No one is going to value you more than you value yourself. You just have to set a very high personal hourly rate and you have to stick to it.
Even when I was young, I just decided I was worth a lot more than the market thought I was worth, and I started treating myself that way.
It’s going to take you an hour to get across town to get something. If you value yourself at one hundred dollars an hour, that’s basically throwing one hundred dollars out of your pocket.

My hourly rate, I used to say to myself over and over, is $5,000 an hour. Today when I look back, really it was about $1,000 an hour.
Of course, I still ended up doing stupid things like arguing with the electrician or returning the broken speaker, but I shouldn’t have, and I did a lot less than any of my friends would.


When you try and do business with somebody, if you have any bad thoughts or any judgments about them, they will feel it. Humans are wired to feel what the other person deep down inside feels.
You have to get out of a relative mindset.
being anti-wealth will prevent you from becoming wealthy. you won’t be dealing with people on the right level. Be optimistic, be positive. It’s important. Optimists actually do better in the long run.

The business world has many people playing zero sum games and a few playing positive sum games searching for each other in the crowd.

Status is a zero-sum game. It’s a very old game. We’ve been playing it since monkey tribes.
Who’s number one? Who’s number two? Who’s number three? And for number three to move to number two, number two has to move out of that slot. So, status is a zero-sum game.
Politics is an example of a status game. Even sports are an example of a status game.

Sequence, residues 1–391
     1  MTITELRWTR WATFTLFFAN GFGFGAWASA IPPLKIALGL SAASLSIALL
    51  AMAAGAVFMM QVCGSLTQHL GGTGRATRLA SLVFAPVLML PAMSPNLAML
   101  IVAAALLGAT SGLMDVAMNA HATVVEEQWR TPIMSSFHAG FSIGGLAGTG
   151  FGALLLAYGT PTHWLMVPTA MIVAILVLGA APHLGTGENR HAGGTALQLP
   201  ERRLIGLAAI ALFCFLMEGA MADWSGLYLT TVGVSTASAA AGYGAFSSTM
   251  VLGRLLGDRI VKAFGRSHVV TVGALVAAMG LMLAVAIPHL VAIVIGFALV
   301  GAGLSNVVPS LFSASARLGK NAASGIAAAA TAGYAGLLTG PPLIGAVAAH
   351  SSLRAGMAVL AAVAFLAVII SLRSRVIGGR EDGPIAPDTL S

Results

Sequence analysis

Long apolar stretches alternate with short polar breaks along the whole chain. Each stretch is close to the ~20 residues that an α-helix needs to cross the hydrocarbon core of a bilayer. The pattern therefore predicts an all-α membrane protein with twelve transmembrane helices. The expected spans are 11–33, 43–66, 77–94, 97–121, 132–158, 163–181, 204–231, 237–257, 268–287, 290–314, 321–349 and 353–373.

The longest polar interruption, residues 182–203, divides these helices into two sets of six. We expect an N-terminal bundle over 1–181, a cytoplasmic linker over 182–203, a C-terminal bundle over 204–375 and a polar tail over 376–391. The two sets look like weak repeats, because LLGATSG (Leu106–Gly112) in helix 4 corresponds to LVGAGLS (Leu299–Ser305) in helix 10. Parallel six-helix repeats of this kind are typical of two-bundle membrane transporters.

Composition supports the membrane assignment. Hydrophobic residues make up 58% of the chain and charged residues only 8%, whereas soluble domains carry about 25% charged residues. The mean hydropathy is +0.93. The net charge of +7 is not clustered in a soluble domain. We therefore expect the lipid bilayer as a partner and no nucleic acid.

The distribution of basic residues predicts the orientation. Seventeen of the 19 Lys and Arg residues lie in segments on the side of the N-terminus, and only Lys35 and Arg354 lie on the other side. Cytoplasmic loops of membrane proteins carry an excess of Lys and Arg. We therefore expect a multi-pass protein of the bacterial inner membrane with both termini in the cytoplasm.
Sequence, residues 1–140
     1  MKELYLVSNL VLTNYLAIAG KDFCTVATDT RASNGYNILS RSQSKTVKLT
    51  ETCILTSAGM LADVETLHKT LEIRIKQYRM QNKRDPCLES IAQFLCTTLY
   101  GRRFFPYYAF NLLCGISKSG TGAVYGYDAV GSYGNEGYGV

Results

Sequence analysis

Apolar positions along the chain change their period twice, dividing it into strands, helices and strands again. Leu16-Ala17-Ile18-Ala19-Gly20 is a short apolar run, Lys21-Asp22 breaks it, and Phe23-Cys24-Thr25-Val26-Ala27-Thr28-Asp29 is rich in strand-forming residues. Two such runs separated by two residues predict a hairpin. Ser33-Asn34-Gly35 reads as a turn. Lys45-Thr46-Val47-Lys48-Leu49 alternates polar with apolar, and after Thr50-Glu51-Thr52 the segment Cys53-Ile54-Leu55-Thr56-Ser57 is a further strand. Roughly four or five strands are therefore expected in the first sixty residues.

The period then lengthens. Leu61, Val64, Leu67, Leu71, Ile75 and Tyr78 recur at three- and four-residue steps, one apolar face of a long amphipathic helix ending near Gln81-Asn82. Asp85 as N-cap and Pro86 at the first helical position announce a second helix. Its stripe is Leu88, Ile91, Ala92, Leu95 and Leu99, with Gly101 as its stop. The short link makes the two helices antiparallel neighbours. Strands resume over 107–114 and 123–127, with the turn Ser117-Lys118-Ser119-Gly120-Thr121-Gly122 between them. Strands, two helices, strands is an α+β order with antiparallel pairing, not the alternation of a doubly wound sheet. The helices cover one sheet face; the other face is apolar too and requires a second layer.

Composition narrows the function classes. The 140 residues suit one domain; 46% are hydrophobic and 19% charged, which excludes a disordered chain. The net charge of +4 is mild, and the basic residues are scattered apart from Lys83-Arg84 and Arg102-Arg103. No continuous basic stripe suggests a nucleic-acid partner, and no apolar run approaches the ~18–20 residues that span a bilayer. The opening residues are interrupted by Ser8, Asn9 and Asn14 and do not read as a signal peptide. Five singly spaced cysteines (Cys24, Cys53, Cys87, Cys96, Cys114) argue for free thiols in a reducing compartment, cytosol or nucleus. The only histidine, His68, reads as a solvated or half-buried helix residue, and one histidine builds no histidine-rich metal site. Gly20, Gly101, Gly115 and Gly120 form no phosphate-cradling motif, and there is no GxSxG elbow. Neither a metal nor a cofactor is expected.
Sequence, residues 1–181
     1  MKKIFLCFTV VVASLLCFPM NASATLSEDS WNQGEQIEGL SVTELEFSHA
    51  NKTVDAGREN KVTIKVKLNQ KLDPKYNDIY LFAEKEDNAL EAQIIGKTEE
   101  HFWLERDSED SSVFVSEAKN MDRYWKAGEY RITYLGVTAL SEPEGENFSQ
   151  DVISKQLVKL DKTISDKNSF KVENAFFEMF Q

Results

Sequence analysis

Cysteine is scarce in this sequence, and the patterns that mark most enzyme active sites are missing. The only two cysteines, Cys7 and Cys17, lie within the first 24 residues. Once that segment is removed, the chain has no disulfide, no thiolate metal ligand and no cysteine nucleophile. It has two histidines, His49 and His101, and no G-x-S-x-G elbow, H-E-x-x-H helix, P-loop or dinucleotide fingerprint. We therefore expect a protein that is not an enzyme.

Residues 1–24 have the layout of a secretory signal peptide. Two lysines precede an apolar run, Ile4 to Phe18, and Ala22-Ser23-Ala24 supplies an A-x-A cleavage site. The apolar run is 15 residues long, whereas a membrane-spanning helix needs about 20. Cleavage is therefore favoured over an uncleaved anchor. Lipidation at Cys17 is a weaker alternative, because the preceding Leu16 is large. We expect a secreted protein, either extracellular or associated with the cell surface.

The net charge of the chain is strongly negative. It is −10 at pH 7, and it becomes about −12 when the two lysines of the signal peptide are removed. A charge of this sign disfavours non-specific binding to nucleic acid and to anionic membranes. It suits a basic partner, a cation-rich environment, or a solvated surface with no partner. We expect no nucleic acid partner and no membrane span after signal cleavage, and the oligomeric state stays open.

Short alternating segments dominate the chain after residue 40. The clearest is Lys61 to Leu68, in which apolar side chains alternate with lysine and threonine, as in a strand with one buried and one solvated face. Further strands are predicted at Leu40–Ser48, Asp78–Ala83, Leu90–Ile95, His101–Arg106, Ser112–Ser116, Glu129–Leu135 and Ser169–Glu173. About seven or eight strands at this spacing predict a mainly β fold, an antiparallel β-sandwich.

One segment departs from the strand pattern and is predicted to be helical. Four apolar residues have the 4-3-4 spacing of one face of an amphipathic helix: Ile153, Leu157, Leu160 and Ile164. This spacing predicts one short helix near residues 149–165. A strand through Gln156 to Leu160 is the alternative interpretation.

The problem is, to win at a status game, you have to put somebody else down. That’s why you should avoid status games in your life—they make you into an angry, combative person.


What is the most important thing to do for younger people starting out?

Spend more time making the big decisions. There are basically three really big decisions you make in your early life: where you live, who you’re with, and what you do.

You have to say no to everything and free up your time so you can solve the important problems.


What are one or two steps you’d take to surround yourself with successful people?

Figure out what you’re good at, and start helping other people with it.
Give it away. Pay it forward.
Karma works because people are consistent. On a long enough timescale, you will attract what you project.
But don’t measure—your patience will run out if you count.


FIND WORK THAT FEELS LIKE PLAY

The Industrial Revolution and factories made us extremely hierarchical because one individual couldn’t necessarily own or build a factory, but now, thanks to the internet, we’re going back to an age where more and more people can work for themselves.
I would rather be a failed entrepreneur than someone who never tried. Because even a failed entrepreneur has the skill set to make it on their own.

There are almost 7 billion people on this planet. Someday, I hope, there will be almost 7 billion companies.

I learned how to make money because it was a necessity. After it stopped being a necessity, I stopped caring about it.
Making money was a means to an end. I’m much more interested in solving problems than I am in making money.

I would say I’m at the stage where I’m just tired of games. I don’t think there is any end goal or purpose. I’m just living life as I want to. I’m literally just doing it moment to moment.

You want freedom from your money problems, right?